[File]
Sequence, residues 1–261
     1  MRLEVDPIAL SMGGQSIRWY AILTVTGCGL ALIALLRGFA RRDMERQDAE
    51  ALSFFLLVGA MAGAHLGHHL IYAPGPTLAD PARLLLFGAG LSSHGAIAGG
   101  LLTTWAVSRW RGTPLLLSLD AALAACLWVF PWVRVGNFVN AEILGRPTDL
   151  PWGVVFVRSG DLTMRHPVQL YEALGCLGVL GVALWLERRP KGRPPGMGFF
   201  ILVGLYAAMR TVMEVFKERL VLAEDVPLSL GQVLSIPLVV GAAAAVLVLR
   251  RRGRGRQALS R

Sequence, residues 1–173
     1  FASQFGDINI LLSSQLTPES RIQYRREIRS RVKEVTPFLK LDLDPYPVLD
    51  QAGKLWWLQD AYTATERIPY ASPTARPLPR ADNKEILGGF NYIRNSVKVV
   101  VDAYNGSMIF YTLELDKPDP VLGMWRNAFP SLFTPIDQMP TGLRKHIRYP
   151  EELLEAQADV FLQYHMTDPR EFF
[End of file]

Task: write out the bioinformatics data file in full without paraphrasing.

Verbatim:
Sequence, residues 1–261
     1  MRLEVDPIAL SMGGQSIRWY AILTVTGCGL ALIALLRGFA RRDMERQDAE
    51  ALSFFLLVGA MAGAHLGHHL IYAPGPTLAD PARLLLFGAG LSSHGAIAGG
   101  LLTTWAVSRW RGTPLLLSLD AALAACLWVF PWVRVGNFVN AEILGRPTDL
   151  PWGVVFVRSG DLTMRHPVQL YEALGCLGVL GVALWLERRP KGRPPGMGFF
   201  ILVGLYAAMR TVMEVFKERL VLAEDVPLSL GQVLSIPLVV GAAAAVLVLR
   251  RRGRGRQALS R

Sequence, residues 1–173
     1  FASQFGDINI LLSSQLTPES RIQYRREIRS RVKEVTPFLK LDLDPYPVLD
    51  QAGKLWWLQD AYTATERIPY ASPTARPLPR ADNKEILGGF NYIRNSVKVV
   101  VDAYNGSMIF YTLELDKPDP VLGMWRNAFP SLFTPIDQMP TGLRKHIRYP
   151  EELLEAQADV FLQYHMTDPR EFF